The new quaint little Italian place near home is also a mid-afternoon occasional lunch date with my better half. My wife called today and diverted me to meet at a Mexican restaurant instead, the “plan B” place.
“The Italian restaurant manager said his delivery was a few hours late today, again,” she explained as we sat down. “So they can’t make any pizzas for a while.”
Is this any way to run a business? Does this ever happen to you as a produce manager? Run out of important items, that is.
Late trucks happen to everyone. I suspect the pizza place has been struggling since its inception less than six months ago. They always seem to have some sort of problem with inventory (like today) or retaining help.
I know what I’d do in the pizza situation — the same thing I’d do as a produce manager.
First of all, a manager has to do what I call “protect the sales.” That is to say, anything that threatens sales needs my immediate attention. Specifically, a manager has to identify early on what the outlook is for the day. Late orders are not uncommon, so a manager has to anticipate this and ensure a little extra “safety stock” is on hand to maintain business.
In the pizza place, I imagine the safety stock might include enough crust, sauce, and, of course, cheese.
In the produce department, the safety stock items are things such as lettuce, tomatoes, bananas, power items such as onions, potatoes, certain citrus and apple SKUs, and ad items. We’re not talking a lot, of course, just enough product ordered to overlap the time period of when your delivery should arrive, and when it might arrive in a worst-case scenario.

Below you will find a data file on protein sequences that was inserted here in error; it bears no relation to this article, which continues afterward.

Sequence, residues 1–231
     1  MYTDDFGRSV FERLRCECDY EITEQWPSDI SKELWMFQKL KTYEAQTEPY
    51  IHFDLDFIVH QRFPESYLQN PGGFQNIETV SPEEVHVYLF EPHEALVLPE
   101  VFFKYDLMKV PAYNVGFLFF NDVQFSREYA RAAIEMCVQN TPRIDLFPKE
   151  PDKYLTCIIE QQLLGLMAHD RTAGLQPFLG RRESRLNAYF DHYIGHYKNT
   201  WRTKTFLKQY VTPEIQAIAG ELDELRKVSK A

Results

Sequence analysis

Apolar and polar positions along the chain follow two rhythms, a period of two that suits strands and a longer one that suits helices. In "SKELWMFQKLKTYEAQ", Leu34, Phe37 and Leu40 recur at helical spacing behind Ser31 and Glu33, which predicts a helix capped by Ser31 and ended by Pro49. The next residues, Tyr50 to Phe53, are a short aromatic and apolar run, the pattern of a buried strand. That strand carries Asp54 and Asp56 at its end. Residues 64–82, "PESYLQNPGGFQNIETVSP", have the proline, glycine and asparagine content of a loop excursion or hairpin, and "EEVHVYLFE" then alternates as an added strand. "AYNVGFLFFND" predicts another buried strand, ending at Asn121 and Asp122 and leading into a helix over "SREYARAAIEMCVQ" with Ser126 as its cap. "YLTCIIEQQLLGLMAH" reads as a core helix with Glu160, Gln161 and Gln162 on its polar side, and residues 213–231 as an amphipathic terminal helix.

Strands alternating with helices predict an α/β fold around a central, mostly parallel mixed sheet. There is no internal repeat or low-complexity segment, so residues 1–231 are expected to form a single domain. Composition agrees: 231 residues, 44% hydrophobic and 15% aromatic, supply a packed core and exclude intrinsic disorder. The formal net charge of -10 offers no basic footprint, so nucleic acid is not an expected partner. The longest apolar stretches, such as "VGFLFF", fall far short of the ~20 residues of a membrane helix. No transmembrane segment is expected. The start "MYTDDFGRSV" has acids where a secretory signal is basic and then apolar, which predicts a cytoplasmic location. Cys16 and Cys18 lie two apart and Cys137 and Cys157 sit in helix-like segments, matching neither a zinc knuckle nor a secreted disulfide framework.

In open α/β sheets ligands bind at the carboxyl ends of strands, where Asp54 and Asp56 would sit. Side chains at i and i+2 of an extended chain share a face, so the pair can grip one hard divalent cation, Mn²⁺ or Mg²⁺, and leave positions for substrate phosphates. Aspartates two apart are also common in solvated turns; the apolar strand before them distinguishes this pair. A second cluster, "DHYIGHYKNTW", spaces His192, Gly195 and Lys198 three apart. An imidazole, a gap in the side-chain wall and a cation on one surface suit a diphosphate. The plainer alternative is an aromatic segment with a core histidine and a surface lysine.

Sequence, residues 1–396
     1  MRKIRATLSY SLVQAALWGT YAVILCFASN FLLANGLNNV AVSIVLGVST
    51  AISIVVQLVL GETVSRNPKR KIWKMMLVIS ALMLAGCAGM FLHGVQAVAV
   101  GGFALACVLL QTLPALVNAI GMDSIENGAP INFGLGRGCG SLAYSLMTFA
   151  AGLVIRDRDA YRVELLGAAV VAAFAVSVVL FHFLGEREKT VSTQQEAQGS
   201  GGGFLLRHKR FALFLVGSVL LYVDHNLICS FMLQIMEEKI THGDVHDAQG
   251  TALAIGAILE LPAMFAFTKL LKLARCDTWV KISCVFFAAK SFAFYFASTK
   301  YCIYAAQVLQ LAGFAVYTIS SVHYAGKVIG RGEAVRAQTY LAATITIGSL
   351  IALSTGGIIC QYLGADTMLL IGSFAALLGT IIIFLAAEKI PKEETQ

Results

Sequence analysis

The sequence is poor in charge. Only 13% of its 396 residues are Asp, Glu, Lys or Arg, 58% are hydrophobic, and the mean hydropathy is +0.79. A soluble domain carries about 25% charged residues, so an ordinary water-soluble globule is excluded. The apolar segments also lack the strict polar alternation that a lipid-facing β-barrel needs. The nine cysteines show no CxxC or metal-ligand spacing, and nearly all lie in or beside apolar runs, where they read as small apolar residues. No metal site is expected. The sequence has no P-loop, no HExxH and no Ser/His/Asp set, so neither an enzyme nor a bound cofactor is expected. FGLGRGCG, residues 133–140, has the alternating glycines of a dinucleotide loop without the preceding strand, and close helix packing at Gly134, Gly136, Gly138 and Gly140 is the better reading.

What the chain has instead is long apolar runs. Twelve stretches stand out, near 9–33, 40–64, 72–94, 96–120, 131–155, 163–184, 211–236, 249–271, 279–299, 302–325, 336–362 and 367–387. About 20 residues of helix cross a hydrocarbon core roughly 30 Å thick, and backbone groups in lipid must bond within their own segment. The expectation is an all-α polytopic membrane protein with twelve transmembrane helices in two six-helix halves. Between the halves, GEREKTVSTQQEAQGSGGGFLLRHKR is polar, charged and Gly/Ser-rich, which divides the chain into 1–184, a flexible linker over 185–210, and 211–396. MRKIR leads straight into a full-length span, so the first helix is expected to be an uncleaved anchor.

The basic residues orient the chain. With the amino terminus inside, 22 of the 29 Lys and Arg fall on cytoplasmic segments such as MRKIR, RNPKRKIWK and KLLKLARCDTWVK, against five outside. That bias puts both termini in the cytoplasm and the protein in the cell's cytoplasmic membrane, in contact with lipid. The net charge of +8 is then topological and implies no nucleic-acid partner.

Second, when the out-of-stocks list is simply too much to bear for the day (for whatever reason — late truck, unanticipated sales, poor ordering), it’s time to take additional action.
If I was the pizza manager facing a rough day, instead of apologizing to customers I’d hightail it to the nearest grocer early and get enough product to get through until the delivery showed up.
Sure, the pizza standards may be off somewhat (they may even be better) but at least it might get a manager through the lunch rush.
As a produce manager, someone with a pickup truck would be dispatched to get the basic product needs list filled, and pronto — whether it’s sourced from a nearby wholesaler, a sister store or (gasp) buying a few cases of produce from your competition.
All these options are pricey, of course, but like my pizza experience, it will cost much more if your loyal customer finally gives up and fades away.
Armand Lobato works for the Idaho Potato Commission. His 40 years’ experience in the produce business span a range of foodservice and retail positions. E-mail him at email@example.com.